Anzac Day trade ban to end 'creeping commercialisation'

Retail trade will be banned on Anzac Day in NSW, giving the state some of the nation's most restrictive rules in a move to counter the "creeping commercialism" of the date.

Most stores have been barred from opening until 1pm, but the extended ban will keep retailers closed all day from 2025.

Premier Chris Minns said the inconvenience for shoppers would be a small price to pay to ensure Anzac Day remained an important commemorative date on the state calendar.

NSW is extending its Anzac Day retail trading ban to encourage more people to commemorate veterans.

"We believe there's been a creeping commercialism of Anzac Day over a long period of time to the detriment of the importance of the day," he told reporters on Wednesday.

"There's many things that divide our communities in NSW and Australia, and the truth of the matter is Anzac Day is Australia's national day."

Retail trading restrictions vary across Australian states and territories, with only Western Australia having a total ban on Anzac Day shopping.

Victoria and Queensland allow trading from 1pm, while the ACT and the Northern Territory have no restrictions.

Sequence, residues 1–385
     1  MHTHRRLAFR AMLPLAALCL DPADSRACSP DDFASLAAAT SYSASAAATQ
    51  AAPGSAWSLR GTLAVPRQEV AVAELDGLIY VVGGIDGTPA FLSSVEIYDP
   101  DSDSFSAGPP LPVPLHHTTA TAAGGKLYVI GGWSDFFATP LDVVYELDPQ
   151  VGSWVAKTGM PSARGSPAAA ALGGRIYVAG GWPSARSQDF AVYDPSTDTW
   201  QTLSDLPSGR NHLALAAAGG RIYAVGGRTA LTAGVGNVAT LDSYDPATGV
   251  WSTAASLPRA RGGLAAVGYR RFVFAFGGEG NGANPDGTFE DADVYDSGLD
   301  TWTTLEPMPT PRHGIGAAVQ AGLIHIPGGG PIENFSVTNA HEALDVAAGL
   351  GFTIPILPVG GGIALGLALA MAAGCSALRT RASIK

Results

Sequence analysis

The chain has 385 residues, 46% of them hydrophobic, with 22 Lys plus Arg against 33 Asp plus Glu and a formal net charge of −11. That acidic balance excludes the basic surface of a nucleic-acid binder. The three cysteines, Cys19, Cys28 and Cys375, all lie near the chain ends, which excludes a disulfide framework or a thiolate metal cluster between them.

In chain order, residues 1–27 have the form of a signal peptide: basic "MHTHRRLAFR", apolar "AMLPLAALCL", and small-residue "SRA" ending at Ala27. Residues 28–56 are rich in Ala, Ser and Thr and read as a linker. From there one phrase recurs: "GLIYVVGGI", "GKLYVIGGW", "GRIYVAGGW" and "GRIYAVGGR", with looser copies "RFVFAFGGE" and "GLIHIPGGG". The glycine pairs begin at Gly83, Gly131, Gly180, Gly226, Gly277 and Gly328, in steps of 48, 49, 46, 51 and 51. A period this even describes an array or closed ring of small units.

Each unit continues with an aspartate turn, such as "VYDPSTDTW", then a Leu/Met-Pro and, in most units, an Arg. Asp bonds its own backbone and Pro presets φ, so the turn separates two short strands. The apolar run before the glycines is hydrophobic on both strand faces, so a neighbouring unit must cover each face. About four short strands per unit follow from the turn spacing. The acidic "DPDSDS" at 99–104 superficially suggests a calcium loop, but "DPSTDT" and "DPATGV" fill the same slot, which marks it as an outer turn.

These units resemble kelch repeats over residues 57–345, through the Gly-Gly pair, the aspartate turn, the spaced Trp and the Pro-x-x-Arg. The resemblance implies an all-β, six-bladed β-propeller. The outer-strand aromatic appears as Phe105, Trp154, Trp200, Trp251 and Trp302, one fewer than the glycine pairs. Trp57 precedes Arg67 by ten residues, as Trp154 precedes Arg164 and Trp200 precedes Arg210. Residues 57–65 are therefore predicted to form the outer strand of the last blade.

RSL NSW president Mick Bainbridge said the decision would allow veterans and their families to attend commemorations together.

President of RSL NSW Mick Bainbridge
President of RSL NSW Mick Bainbridge believes the change will protect the sanctity of Anzac Day.

"It's a great way to ensure we protect the sanctity of Anzac Day, our most important veterans' day," he said.

Only businesses like cafes, restaurants, and chemists will get the tick in NSW - a move that the retail workers union the SDA says is supported by its members.

"It's not much to ask for retail workers to give up half a day of penalty rates, or for the community to give up half a day of shopping, when ... veterans have given up so much for all of us," NSW branch secretary Bernie Smith said.

But the nation's peak retail body said the change would impact workers unnecessarily, while also making it harder for people to shop for food in regional and remote areas.

“Changing this legislation will not change the way Australians come together on this important day," Australian Retailers Association chief Paul Zahra said.

Veterans from the Vietnam war during the Anzac Day March in Sydney
It's hoped more people will commemorate veterans on Anzac day if shops stay closed.

“Many workers are relying on public holiday rates to make ends meet during this incredibly challenging economic period."

Mr Minns defended the continuation of commercial sporting events on Anzac Day, such as the long-standing NRL match between the Sydney Roosters and St George Illawarra.

"We don't want our Anzac Day to be a solitary day," he said.

Opposition Leader Mark Speakman backed the extended trading ban, which he said ensured that veterans were properly honoured.

"It's a day of national significance and we must give everyone the chance to take part in commemorative services," he said.